Not exactly the what you’d put on your money-maker “because your worth it.”

And it’s not just makeup.  Personal care products like lotions, soaps, deodorants, and moisturizers also contain chemical poisons.  Sorry guys, it’s not just a woman’s problem.

How Harmful?

Last week I introduced the concept of hormesis.  The idea that little doses of bad stuff can actually be good for us.  Or, at least, not that harmful.  So are the chemicals in the makeup making us sick?

The Environmental Working Group thinks so.  And although some will disagree, the real answer is no one knows for sure.  It’s difficult to prove exposure to a chemical over time causes disease.  There are just too many other variables.

Still, to me it seems logical that chemical exposure over any length of time is not a good thing.  It’s one reason I stopped wearing eye-liner.

The Best Protection

Avoidance.  Several companies offer chemical free makeup and skin care products.  Checking those out would be option one.  If you’re committed to your brand (as most of us are), push them to cut out the harmful stuff.

And take a multivitamin.  Vitamin’s antioxidant activity is our body’s natural defense against harmful chemicals.  While a healthy diet will fill your body with vitamins, a multivitamin can boost protection from sinister things like lip gloss.

Healthful Priorities: Sleep

Where do your priorities lie?  It’s a tough question to ask ourselves.  It’s difficult to be that honest about what we choose to do with our time.  But we need to ask it.  Often.

I’m going to start asking it of myself.  Since this is a health and wellness blog, I’ll center my questions on healthful priorities.  Perhaps my reflections can help you realize your priorities.

First up, one of the most common misplaced priorities throughout our society, Sleep.

Lately, I’ve de-prioritized sleep.  Not much.  A half and hour or so a night.  Thus far I’m not really feeling the effects.  But I will.  And soon.

What has taken its place?  Honestly? Um, football.  Admittedly, a silly reason.  See, I usually go to bed around 11pm.  Weeknight football games kickoff at 8:30 and last 3 hours.  Sleep suffers for my football fix.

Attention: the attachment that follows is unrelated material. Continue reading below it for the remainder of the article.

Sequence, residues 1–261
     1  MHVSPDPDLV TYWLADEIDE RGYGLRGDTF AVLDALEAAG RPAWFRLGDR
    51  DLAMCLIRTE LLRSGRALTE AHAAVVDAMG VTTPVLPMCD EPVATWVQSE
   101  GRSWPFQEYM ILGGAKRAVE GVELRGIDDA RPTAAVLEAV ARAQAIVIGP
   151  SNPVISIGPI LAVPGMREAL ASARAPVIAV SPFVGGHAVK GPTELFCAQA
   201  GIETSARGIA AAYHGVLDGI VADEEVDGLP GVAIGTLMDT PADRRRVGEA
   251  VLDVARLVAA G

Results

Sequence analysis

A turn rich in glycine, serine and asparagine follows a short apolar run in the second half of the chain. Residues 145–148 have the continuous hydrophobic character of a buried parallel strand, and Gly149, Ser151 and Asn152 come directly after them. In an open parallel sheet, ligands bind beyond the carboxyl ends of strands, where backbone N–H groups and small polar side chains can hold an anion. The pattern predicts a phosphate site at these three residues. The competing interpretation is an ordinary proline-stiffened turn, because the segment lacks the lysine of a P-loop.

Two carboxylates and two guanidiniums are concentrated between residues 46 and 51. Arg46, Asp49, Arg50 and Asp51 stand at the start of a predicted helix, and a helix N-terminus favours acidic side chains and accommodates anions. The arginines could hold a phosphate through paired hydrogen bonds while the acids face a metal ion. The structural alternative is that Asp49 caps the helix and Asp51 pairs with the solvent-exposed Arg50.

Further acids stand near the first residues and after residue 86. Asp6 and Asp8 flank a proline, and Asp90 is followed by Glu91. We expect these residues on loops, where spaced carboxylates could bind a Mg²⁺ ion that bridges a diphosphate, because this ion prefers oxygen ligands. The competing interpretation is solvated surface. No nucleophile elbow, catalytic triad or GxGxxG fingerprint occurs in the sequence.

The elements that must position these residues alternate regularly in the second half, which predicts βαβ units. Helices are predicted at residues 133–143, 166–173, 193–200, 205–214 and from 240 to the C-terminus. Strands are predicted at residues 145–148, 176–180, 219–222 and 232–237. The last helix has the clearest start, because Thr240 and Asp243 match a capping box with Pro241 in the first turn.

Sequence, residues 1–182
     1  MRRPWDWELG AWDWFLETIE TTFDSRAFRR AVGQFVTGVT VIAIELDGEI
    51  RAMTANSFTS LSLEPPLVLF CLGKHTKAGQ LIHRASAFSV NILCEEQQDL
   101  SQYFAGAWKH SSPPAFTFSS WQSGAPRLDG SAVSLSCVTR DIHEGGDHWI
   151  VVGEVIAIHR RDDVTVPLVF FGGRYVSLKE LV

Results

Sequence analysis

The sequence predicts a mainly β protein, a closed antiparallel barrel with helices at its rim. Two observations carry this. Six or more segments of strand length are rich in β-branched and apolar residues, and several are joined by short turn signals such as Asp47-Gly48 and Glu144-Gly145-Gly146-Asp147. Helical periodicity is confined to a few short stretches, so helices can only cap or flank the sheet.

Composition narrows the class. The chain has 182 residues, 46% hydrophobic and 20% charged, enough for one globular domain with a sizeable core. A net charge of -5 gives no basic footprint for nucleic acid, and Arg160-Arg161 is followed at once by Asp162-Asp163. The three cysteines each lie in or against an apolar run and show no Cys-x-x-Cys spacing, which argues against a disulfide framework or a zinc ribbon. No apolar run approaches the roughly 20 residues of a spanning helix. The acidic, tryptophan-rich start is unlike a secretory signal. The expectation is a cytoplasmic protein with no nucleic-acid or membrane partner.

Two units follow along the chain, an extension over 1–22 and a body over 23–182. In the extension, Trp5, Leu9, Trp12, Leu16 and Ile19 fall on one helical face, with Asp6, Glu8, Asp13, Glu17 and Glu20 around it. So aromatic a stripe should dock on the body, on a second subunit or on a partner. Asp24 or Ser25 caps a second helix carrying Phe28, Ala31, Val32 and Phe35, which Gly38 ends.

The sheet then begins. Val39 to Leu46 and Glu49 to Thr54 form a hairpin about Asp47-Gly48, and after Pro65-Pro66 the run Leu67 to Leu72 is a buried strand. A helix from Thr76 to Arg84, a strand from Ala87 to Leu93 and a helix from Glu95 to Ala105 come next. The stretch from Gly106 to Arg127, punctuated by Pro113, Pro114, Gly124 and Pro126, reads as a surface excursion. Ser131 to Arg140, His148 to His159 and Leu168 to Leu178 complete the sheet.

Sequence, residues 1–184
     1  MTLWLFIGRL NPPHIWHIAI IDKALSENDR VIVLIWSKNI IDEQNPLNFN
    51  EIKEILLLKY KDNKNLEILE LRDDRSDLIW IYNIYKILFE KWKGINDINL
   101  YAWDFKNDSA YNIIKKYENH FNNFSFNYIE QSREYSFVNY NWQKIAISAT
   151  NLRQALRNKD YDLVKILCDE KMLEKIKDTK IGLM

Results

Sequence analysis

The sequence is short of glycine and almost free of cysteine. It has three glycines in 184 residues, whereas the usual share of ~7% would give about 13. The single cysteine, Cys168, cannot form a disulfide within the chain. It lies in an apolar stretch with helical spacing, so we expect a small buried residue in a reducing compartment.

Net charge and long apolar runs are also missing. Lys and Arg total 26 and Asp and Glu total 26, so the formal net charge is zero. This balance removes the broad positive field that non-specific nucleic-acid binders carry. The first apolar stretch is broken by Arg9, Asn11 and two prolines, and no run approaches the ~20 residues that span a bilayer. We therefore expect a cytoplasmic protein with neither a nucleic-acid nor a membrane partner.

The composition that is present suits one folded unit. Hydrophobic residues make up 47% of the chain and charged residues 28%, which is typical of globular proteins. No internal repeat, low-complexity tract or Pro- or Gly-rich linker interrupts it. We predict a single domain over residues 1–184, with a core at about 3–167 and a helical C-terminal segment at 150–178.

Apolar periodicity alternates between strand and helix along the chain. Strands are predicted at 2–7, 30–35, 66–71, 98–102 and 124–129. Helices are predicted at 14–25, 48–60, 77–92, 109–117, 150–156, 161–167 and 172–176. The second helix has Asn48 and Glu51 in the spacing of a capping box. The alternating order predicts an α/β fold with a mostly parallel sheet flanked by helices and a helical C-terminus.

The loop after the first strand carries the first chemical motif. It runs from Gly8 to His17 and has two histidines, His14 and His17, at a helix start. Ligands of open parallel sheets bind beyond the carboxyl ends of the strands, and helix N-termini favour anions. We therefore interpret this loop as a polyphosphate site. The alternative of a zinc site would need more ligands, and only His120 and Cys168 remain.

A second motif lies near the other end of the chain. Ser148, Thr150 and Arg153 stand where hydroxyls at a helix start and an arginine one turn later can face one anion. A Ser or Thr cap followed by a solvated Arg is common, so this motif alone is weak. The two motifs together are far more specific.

Along with diet and exercise, sleep is one of the 3 pillars of healthy living.   Yet we don’t pay nearly as much attention to it as we should.  Oftentimes, sleep is the first thing to go when our lives get hectic.

So, this month, join me in putting sleep back in its rightful place on our to-do list.  A notch above football.

What silly things have crept into your sleeping hours lately?

Nap Length: Helpful and Hurtful

Proper sleep habits are such an important part of being healthy.  Not enough sleep undermines our attempts at staying healthy.  Lots of folks compensate from missed sleep by taking an afternoon nap.  But how helpful is napping?

While reading my new issue of Men’s Health recently I happened across an article on healthful sleep.  A sidebar on nap length caught my eye.  I found it so informative, and know some regular nappers, ( cough, my wife), I had to pass it along.  I’ve directly copied it below.

10 Minutes: A Quick Fix.  Napping for 10 minutes immediately wards off fatigue and boosts brainpower for at least 2 ½ hours, and Australian study found.  A 5-minute nap? No help.

20 Minutes: Delayed Benefits.  Doubling down will improve your reaction time and performance on alphanumeric tasks.  But not right away-it takes at least 35 minutes to shake off the post-nap mental fog from “taking 20”.

30 Minutes: A Healthy Boost.  You’ll feel drowsy for about 5 minutes afterward, but then more alert and mentally fit for 90 minutes. Still, a 10-minute nap is better; you avoid the hangover effect of a deeper sleep.

45-90 Minutes: No Help.  During a 45-90 minute nap, you drift into deep sleep without completing a full sleep cycle.  “You’ll often feel worse after you wake up than before,” says sleep expert Christopher Winter, M.D.

90-110 Minutes: Signs of Trouble.  The average person’s sleep cycle lasts 90 minutes, the ideal duration for a longer snooze.  But habitual long napping may be a sign of a sleep disorder, Dr Winter says.

-Laura Roberson

Source: Men’s Health Magazine. May 2011. p 100.  

Rule #6: Laugh at everything. Especially yourself.

The final rule is more a rule for life than a rule for health.  Although, I’d argue it’s vital for mental health and possibly the most important of all the rules.  This rule speaks for itself.  Find joy  and humor in everything.    Learn to love the failures and the struggles, the silliness of life, and the humor in all things human.

Laugh when you burn dinner.  Laugh when you trip on a crack in the sidewalk.  Laugh when you get rained on.  Laugh when your team wins.  Laugh when your team loses.  Laughter cures all ills.  Laughter is the best medicine.

Remember  to not take yourself too seriously.  Learn to laugh at yourself.  Especially when your waxing poetic about laughter on a nutrition blog.  Always remember Rule #6: Laugh at everything. Especially yourself.